Futurism logo

Neighborhood Watch

by Scott D. Williams 2 years ago in space
Report Story

I've seen a thing or two.

NASA/JPL-Caltech

I’ve lived in this neighborhood from the beginning, when there was nothing but an open lot filled with debris. It was so lonely.

Don’t ask me my age. It wouldn’t be polite, and frankly I can’t remember anyway. I do recall that time, way, way back, when I nearly collided with the baby. The damned thing was huge, warm and gurgling with chemistry. It was fascinating to watch it grow. Then came its brothers and sisters. Pretty soon they grew big and, like good adults, they cleaned up the place – more or less. There’s still that god-awful mess in the middle where I’m constantly dodging their toys. Beyond the neighborhood there’s this wall of crap I don’t even want to try to cross. So, I stay here, patrolling my space.

Whenever I brush past a world, I gratuitously dust it with embryonic life. Not on purpose, you understand. It’s just the natural byproduct of my journey. Sometimes it takes, and after a while life forms spring up and multiply. I’ve seen some interesting results. Like that third rock from the sun, the pretty blue one.

I first remember seeing them from my lofty perch when they were just little creatures learning how to live together. Of course, I use the phrase “living together” rather loosely.

During the short time I passed by, I would notice them constantly fighting each other. Really quite morbid entertainment. Much of the time I am alone in the void, ever watchful for the next planetary road sign.

During my cosmic scenic tour, I pass by many colorful orbs. There’s that one with the stripes – which only makes it look fat, I might add – and the super-cool one with those fabulous rings. There’s the red rock and the green, hazy rock, and that weird one that sits all cock-eyed like a staggering drunk. I love them all, really, but my favorite is that blue one with the white patterns and the tiny, ever-busy creatures. They just keep building and destroying, and then building again. Sometimes they even fly around their rock, taking tentative steps toward their neighbors in this ‘hood.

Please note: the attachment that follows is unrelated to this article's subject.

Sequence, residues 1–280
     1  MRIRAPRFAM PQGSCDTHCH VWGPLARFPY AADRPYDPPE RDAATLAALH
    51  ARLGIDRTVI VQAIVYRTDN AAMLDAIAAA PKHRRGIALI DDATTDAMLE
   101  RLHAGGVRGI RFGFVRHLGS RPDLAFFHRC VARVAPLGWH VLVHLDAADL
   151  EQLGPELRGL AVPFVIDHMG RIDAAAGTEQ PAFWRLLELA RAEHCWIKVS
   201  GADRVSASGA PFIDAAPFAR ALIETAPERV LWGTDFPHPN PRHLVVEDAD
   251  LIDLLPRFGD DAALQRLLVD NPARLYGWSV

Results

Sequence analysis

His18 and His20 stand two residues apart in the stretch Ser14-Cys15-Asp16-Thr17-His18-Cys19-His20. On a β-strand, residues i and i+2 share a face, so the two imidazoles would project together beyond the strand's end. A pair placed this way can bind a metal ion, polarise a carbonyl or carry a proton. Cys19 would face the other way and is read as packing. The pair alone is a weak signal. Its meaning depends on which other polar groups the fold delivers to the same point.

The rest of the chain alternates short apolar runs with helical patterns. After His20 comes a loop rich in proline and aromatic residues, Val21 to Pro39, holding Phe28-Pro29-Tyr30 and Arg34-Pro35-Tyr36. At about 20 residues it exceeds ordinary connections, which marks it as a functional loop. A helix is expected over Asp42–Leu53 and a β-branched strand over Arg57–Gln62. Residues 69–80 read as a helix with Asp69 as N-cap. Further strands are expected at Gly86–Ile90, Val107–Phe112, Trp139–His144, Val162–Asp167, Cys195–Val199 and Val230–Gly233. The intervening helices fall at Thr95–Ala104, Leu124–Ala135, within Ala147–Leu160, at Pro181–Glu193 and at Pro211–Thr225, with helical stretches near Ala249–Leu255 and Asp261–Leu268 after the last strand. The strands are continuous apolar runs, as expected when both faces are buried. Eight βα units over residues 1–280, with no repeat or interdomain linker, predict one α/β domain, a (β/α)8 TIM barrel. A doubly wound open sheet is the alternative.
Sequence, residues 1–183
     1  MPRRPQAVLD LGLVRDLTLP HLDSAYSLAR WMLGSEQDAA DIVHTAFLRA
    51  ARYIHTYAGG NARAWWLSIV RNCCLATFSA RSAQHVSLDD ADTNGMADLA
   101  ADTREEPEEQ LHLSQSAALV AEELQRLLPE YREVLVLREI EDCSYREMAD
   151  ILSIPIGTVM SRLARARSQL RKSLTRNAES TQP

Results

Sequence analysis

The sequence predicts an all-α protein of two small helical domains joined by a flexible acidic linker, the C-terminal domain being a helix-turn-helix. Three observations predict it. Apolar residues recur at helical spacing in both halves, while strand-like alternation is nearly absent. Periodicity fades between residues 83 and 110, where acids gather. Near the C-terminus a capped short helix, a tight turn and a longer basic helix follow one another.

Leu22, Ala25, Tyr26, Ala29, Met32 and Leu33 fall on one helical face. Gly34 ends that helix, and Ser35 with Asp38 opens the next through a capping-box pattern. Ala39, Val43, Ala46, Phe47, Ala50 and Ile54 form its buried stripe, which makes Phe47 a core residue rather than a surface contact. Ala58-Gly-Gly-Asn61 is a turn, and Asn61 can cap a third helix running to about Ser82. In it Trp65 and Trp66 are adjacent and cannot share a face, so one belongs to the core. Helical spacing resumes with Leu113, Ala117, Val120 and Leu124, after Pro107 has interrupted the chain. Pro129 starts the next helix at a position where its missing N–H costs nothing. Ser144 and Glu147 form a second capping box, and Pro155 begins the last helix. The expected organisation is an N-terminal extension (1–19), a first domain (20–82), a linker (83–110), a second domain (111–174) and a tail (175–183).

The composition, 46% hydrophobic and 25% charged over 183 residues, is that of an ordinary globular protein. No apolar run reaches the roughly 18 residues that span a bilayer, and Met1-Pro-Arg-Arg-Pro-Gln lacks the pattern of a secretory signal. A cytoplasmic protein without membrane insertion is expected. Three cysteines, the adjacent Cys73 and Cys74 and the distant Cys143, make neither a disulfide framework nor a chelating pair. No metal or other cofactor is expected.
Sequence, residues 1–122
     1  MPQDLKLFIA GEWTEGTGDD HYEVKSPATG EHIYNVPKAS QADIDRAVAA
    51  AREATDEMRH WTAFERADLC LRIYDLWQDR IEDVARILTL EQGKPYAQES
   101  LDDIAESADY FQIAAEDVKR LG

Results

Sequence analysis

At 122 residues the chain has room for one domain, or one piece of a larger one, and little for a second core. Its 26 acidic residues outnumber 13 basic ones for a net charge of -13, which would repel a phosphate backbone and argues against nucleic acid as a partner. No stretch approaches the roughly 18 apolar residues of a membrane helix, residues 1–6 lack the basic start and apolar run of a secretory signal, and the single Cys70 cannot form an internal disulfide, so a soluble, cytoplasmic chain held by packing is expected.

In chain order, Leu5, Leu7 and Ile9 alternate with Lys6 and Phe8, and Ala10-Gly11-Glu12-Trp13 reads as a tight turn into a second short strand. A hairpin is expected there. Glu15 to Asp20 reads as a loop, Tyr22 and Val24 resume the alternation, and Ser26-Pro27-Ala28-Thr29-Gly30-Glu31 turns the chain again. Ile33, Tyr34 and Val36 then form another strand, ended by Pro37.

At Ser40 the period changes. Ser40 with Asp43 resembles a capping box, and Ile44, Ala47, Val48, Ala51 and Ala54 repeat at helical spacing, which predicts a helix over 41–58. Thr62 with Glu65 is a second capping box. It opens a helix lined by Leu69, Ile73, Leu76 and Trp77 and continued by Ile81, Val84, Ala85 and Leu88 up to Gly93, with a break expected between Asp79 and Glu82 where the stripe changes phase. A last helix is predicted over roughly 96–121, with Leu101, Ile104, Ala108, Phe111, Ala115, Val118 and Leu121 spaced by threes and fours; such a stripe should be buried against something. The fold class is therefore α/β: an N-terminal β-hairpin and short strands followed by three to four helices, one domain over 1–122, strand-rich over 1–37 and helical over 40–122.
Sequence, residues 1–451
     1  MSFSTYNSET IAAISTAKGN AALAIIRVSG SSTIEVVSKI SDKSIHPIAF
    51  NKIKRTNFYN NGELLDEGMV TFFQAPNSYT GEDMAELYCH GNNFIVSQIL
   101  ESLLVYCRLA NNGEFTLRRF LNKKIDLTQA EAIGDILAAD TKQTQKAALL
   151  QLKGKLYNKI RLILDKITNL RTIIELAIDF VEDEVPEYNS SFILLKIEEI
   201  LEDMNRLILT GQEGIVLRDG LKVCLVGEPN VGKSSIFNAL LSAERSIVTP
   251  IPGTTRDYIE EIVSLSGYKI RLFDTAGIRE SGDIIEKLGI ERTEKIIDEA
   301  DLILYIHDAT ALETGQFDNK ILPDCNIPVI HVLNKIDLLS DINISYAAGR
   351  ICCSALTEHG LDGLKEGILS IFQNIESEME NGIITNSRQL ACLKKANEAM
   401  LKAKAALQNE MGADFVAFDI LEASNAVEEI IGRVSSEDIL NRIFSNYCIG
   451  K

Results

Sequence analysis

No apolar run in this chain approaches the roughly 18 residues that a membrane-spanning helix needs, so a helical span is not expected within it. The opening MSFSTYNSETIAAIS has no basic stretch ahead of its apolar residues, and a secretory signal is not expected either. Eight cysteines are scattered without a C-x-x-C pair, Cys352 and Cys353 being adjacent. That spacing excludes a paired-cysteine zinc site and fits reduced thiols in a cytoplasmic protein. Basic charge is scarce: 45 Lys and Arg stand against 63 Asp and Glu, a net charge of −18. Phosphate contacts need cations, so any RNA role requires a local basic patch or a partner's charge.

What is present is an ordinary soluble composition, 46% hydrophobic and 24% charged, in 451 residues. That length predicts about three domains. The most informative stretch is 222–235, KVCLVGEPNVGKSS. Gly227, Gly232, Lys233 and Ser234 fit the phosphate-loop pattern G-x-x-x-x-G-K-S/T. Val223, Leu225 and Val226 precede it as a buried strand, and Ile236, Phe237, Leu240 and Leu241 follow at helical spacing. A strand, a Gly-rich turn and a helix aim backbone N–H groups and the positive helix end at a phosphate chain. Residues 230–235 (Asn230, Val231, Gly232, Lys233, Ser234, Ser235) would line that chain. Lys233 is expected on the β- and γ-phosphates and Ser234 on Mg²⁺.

I don’t know if it’s really a good idea for them to venture out so. I mean, look at the mess they make! But despite it all, they just keep going. It’s almost comical, their little dance. Two steps forward, one step back. I haven’t seen anything like them since those others on the red rock. But they have flown the coop and don’t look like they’re coming back. The blue-rock ones, though, they look like they have promise. I wonder if we’ll ever get to meet. I could show them a thing or two.

I have a pretty steady schedule. I make my rounds, taking note of the changes. I see the visitors pass through in their speedy little eggs. I don’t know where they come from, honestly, but they never seem to stay for long.

They seem curious, like intergalactic travelers on a tour. They stop, take pictures, poke and feed the creatures, and then move on.

But me, I’m always here. The steady companion and watcher of all that happens in my neighborhood. Not that it’s always easy or comfortable.

Whenever I get close to the giant fireball, I shed weight and shrink like a celestial celebrity on a crash diet. One time I flew between the first and second rocks – just for kicks, I’d like to say – but it became so unbearably hot I thought I would completely melt away. But then I moved on and away, and packed on my winter weight again. I never really regain my original weight though. I know someday I will wither away into stardust – for dust is how all life begins and ends, so they say. But I don’t mind. It’s been a great trip so far.

Maybe I’ll see the tiny blue-rock creatures later, but for now here’s a little light show, just for their wonderment and awe. Silly little things.

space

About the author

Scott D. Williams

Scott is a writer, family man and San Diego Padres fan.

Reader insights

Be the first to share your insights about this piece.

How does it work?

Add your insights

Comments

There are no comments for this story

Be the first to respond and start the conversation.

Sign in to comment

    Find us on social media

    Miscellaneous links

    • Explore
    • Contact
    • Privacy Policy
    • Terms of Use
    • Support

    © 2022 Creatd, Inc. All Rights Reserved.